I appreciate you making this comment. I think it does a great job of articulating the feelings that a lot of people are probably having about this post. I myself do not share those feelings. I was wondering why there was such a strong negative reaction to the post, and seeing this comment along with it's upvotes has helped me understand the reaction.

Viewing the OP as making an isolated demand for rigor violates the principle of charity, I think.

  1. The OP doesn't really demand rigor in the case of Ukraine. It doesn't claim that we should shift our resources to Africa and away from Ukraine. It simply asks the question of whether we should.
  2. Even if it did demand rigor, it is not clear that this demand is isolated. Ie. it is not clear that the author wouldn't also demand such rigor in other situations.

Now, I think that the principle of charity can be applied too strongly. If Really Bad Person says Really Bad Sounding Thing, you don't always want to say "Well, Really Bad Sounding Thing has some ambiguity to it, and could be interpreted as meaning Kinda Good Thing, so I'm going to interpret it that way. Because Principle of Charity." At some point that just becomes naive and unproductive. However, I think that we as a community should lean quite strongly in the direction of interpreting things charitably, and I think that this particular situation deserves that charitable interpretation.

My read on it is that the author probably thinks that such a rigor should be applied universally, not just in the case of Ukraine. But discussing the case of Ukraine is a productive step in that larger conversation (concreteness is great), so he posed this question. And both conversations seem to me like valid and important ones to have. I also assume that he would agree that the cold/raw calculus of simply adding up QALYS misses important things. And, additionally, I'm like 90% confident that he believes that taking altruistic actions that tug at the heart strings, but that perhaps aren't the 100% most effective, is something that should be encouraged.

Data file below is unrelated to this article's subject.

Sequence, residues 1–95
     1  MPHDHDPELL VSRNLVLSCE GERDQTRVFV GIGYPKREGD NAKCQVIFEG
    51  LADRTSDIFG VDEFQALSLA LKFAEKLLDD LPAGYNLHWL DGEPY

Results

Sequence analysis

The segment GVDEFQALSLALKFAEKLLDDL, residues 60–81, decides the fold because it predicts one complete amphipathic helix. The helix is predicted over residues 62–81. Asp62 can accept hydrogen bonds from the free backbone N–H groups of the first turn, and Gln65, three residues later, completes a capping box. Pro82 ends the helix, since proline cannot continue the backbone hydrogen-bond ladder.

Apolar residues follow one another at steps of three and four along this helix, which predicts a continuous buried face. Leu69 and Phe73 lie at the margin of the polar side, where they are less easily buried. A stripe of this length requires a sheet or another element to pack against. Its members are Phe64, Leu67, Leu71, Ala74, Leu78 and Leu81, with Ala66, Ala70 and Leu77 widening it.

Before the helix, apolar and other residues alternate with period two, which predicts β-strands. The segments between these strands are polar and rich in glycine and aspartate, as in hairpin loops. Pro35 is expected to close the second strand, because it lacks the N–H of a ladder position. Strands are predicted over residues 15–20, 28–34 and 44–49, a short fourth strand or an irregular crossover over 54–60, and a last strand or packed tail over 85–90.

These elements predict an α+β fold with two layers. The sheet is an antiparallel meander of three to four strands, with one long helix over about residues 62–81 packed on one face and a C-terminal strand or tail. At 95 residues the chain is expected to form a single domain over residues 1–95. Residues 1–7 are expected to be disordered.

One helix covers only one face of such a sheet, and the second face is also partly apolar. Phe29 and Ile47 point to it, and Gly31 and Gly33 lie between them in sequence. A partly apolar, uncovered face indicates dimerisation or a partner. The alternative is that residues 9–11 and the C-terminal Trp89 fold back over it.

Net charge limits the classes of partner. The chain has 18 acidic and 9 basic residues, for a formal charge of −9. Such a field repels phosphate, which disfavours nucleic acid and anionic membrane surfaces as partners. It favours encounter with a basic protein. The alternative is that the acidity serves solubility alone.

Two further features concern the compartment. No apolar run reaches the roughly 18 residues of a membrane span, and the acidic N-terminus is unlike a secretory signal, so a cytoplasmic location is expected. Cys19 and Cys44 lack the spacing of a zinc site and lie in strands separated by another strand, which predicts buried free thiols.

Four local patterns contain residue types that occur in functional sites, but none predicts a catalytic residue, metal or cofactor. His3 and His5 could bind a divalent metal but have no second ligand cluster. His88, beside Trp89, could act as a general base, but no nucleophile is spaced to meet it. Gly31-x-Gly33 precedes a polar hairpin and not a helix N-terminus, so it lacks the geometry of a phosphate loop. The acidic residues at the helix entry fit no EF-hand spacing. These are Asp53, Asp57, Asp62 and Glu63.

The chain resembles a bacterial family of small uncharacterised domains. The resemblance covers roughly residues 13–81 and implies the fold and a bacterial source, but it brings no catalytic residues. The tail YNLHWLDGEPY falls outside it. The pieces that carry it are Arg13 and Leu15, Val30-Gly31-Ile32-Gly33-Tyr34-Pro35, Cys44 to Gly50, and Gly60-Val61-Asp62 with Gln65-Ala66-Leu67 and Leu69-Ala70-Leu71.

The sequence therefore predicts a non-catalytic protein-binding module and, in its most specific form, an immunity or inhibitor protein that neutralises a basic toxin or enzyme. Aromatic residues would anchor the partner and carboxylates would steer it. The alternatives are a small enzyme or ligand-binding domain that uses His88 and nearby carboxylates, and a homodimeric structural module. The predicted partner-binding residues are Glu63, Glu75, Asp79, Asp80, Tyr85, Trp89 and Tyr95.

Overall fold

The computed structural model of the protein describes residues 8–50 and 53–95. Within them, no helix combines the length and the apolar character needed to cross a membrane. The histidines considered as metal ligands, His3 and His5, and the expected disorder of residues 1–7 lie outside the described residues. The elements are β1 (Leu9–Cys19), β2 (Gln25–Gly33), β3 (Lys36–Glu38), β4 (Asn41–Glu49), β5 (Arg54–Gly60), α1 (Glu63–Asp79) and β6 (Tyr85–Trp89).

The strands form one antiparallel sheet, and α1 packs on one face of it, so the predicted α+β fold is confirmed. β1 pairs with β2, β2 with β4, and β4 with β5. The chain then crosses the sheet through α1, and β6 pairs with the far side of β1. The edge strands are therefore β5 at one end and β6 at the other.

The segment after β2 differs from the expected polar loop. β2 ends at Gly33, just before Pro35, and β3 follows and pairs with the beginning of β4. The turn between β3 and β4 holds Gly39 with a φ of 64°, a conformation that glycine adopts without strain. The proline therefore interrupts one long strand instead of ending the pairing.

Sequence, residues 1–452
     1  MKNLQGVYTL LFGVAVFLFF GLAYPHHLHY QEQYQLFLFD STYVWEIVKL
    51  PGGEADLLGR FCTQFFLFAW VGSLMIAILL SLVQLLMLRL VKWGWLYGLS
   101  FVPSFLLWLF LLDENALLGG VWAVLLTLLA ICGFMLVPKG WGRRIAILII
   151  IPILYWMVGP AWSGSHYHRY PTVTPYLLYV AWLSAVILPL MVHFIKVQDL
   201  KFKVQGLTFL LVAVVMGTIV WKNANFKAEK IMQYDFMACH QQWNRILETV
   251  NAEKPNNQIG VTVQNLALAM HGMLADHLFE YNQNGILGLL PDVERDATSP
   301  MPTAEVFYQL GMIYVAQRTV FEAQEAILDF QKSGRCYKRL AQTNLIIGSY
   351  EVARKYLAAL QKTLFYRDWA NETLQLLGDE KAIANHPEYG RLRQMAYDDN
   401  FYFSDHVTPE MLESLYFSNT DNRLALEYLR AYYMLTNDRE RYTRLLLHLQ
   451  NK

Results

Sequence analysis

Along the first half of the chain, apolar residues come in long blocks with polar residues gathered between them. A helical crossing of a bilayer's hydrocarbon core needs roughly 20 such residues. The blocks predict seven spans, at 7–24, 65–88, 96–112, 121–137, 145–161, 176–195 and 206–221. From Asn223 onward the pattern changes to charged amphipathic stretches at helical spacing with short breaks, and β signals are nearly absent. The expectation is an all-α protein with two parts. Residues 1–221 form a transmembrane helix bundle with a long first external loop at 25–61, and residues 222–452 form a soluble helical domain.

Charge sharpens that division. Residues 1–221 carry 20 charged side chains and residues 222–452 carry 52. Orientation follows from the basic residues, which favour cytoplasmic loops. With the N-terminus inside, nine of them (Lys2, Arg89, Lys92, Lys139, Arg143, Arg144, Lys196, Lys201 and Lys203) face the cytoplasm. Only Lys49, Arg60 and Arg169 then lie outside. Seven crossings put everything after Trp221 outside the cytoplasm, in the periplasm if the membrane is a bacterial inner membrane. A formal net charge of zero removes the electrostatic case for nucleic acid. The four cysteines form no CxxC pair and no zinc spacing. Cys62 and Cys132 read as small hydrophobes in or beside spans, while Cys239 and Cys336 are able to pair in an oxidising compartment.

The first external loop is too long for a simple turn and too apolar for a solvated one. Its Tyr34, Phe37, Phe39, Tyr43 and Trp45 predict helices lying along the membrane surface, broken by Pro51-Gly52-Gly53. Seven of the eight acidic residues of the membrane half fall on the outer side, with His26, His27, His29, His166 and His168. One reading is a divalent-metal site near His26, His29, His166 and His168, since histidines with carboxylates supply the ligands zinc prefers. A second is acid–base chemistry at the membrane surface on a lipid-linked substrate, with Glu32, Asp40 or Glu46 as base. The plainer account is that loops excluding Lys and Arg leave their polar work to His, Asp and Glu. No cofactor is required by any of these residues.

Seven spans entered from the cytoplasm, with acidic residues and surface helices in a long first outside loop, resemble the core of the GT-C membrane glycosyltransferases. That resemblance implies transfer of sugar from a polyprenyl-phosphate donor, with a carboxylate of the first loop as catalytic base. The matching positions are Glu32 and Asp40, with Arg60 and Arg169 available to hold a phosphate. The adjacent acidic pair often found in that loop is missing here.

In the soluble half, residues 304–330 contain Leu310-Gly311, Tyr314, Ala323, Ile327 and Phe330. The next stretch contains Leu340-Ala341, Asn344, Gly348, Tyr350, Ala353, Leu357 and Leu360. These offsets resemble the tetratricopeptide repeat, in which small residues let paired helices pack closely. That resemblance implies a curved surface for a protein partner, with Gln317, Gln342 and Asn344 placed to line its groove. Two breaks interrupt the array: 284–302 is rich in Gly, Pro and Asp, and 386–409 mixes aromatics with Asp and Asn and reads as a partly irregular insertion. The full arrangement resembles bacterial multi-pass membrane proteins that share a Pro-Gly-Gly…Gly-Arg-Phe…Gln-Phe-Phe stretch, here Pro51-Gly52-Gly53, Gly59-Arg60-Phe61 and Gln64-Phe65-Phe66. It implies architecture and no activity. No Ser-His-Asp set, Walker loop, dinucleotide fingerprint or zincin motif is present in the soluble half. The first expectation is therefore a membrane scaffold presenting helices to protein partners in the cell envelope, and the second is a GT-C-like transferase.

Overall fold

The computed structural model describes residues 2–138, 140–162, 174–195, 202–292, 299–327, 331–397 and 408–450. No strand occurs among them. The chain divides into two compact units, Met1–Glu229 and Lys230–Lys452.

Regardless, I don't think that such assumptions should really be acted on. At least not without clarifying with the author first. Ie. "To what you actually said, I think A. It also sounds like you are saying, or that you believe B. Is that true? If so, I disagree because of C. It also seems like you might believe D. Is that true? If so, I disagree because of E."

Furthermore, I am fearful that such a strong negative response to posts like this will push the community away from, let's call it courageous viewpoints (well, here no viewpoints were really expressed in the OP, just questions posed). Some courageous viewpoints are counterproductive for the community and should be discouraged. And it's not always easy to know where to draw the line. I'm having a hard time articulating this, but I think that a line has been drawn in this scenario, and it is quite far from where I personally would like it to be.

The OP doesn't really demand rigor in the case of Ukraine. It doesn't claim that we should shift our resources to Africa and away from Ukraine. It simply asks the question of whether we should.

I don't even ask that question. I ask what kind of tradeoffs we should accept.